"To score 50 goals my first year and then 50 every year after that was an accomplishment, but as you get older there are many things that take precedent over your pride. Ten years after I stopped I asked myself why didn't I continue? I didn't ask it while I was young enough to come back, I asked it when I was too old to come back. In the end, what was important to me was, I am a proud person and what prevailed was I didn't want to go out there on the ice and underperform and have people not see me as I was."
Which was as a complete player, not just a feared sniper. Bossy also finished his career with 553 assists. He made the lives of everyone around him that much easier.
"I wanted to be known as more than the goal scorer. I wanted to be known as someone who was good defensively, a good passer, someone who could kill penalties. Nobody wants to be known as a one-dimensional player. It's important to play well in every position on the ice," Bossy said.
He's also mindful of the Islanders' place in NHL lore. They were at one time the most successful North American-based professional hockey team. He said he never wants people to forget the four consecutive Stanley Cup championships his team captured in the early '80s, but he understands why people have the opinions they have.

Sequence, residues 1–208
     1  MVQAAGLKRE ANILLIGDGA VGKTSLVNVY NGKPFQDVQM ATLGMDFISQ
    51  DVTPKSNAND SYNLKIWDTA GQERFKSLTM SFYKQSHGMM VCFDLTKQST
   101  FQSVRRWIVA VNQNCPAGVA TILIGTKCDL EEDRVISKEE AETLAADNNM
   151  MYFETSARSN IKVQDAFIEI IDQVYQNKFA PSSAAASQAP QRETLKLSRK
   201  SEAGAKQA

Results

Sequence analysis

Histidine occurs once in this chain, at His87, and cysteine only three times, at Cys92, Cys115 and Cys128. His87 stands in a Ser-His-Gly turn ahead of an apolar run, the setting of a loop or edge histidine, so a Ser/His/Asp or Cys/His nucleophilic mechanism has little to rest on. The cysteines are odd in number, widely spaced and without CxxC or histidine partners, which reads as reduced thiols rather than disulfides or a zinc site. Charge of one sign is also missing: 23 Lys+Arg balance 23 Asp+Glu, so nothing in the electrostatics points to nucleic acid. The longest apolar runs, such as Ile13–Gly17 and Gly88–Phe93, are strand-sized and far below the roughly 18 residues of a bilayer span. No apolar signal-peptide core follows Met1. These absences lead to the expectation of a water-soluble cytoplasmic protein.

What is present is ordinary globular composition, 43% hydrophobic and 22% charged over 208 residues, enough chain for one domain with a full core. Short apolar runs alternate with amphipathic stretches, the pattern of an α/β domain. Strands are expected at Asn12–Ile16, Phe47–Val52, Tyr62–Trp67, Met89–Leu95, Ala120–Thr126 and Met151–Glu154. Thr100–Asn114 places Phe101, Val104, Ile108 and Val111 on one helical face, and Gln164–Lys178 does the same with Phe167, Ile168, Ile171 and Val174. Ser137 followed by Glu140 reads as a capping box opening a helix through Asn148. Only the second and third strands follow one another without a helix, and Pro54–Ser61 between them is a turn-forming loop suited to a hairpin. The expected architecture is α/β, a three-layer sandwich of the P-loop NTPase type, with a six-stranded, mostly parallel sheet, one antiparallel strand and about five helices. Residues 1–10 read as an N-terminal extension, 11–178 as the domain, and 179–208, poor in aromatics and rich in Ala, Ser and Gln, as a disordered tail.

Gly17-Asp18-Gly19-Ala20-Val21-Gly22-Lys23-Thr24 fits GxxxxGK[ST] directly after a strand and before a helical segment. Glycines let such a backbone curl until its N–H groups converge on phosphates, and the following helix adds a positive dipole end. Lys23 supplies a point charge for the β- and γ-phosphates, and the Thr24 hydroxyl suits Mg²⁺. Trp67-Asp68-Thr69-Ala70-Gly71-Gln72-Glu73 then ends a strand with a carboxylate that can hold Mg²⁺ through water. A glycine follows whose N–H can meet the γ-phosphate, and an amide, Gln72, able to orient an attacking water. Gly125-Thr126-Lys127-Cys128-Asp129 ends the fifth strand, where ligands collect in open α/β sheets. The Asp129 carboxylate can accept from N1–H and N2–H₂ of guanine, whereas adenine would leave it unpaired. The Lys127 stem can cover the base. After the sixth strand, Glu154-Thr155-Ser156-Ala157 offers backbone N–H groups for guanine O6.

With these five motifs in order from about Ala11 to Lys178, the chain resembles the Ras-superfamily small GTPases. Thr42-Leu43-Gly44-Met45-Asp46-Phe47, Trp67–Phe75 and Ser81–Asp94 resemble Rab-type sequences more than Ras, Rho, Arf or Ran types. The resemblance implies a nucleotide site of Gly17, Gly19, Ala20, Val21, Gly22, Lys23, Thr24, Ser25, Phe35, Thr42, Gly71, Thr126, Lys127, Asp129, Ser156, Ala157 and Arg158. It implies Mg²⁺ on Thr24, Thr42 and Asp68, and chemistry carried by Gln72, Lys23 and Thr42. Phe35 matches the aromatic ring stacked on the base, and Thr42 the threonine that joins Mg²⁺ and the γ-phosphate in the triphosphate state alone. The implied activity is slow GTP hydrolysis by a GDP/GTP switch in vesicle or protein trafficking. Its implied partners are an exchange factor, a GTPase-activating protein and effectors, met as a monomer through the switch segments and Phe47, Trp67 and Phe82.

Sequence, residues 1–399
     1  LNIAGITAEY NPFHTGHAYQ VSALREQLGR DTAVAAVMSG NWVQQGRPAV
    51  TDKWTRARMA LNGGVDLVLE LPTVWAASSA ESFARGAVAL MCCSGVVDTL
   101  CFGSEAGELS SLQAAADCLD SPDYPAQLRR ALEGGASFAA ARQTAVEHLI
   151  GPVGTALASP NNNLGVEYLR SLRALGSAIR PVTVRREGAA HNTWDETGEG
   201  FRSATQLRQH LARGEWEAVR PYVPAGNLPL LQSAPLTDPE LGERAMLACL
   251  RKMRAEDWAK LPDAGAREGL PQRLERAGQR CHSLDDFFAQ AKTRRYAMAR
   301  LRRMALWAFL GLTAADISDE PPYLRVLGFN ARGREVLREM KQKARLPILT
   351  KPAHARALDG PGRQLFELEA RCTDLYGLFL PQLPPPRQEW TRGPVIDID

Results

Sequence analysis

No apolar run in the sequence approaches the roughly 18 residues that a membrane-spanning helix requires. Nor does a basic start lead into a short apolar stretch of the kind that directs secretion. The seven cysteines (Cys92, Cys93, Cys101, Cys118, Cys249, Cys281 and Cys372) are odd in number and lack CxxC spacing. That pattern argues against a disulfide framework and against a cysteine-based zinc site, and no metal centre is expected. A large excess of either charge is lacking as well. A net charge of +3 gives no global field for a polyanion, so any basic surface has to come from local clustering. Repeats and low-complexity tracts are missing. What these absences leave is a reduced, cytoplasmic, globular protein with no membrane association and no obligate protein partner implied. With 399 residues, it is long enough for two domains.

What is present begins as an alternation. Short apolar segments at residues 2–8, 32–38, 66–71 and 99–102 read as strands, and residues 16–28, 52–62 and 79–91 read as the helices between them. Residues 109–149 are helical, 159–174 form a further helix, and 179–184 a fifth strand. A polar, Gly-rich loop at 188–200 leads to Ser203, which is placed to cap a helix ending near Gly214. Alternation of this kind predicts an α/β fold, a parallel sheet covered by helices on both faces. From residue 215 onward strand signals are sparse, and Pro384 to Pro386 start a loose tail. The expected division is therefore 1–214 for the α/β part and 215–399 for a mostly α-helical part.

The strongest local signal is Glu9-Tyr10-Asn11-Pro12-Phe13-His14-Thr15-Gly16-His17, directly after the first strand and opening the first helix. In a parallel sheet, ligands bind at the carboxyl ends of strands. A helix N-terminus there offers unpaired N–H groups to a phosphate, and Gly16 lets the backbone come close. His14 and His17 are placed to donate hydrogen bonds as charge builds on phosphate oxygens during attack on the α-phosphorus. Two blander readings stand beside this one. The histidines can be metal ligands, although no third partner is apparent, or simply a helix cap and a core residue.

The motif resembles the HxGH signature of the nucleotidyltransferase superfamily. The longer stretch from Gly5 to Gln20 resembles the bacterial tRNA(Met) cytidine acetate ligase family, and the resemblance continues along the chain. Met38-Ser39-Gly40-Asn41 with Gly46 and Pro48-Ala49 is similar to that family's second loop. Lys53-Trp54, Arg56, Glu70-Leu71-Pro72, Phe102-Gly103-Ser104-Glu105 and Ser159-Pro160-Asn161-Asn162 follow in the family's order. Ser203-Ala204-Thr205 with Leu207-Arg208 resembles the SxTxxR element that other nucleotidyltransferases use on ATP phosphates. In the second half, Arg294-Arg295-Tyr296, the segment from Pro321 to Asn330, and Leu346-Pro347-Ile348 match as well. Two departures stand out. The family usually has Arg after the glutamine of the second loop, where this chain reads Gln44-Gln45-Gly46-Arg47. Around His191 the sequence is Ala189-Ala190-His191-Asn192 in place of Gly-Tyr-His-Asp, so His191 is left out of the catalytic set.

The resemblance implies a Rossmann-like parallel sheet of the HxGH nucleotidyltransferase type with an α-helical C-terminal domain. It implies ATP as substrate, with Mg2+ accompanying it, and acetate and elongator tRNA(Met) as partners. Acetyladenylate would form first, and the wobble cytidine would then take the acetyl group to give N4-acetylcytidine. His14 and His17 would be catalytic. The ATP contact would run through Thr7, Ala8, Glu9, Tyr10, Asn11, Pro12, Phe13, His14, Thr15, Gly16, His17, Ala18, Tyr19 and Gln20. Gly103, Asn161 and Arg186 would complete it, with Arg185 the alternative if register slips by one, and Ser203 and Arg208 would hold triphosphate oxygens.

"I don't think our teams were slighted or forgotten. It always depends on who you speak to. There is no doubt people in Canada will respect what we did, but their favorites will no doubt lay with Edmonton or the Canadiens as the best teams in the history of the game," Bossy said. "If you speak to people in U.S., especially in New York, they will disagree fervently with that notion. For Canadian fans, they may underestimate how good our teams were, but in the hockey world people in the know know how good we were and what place we had in the history of the game."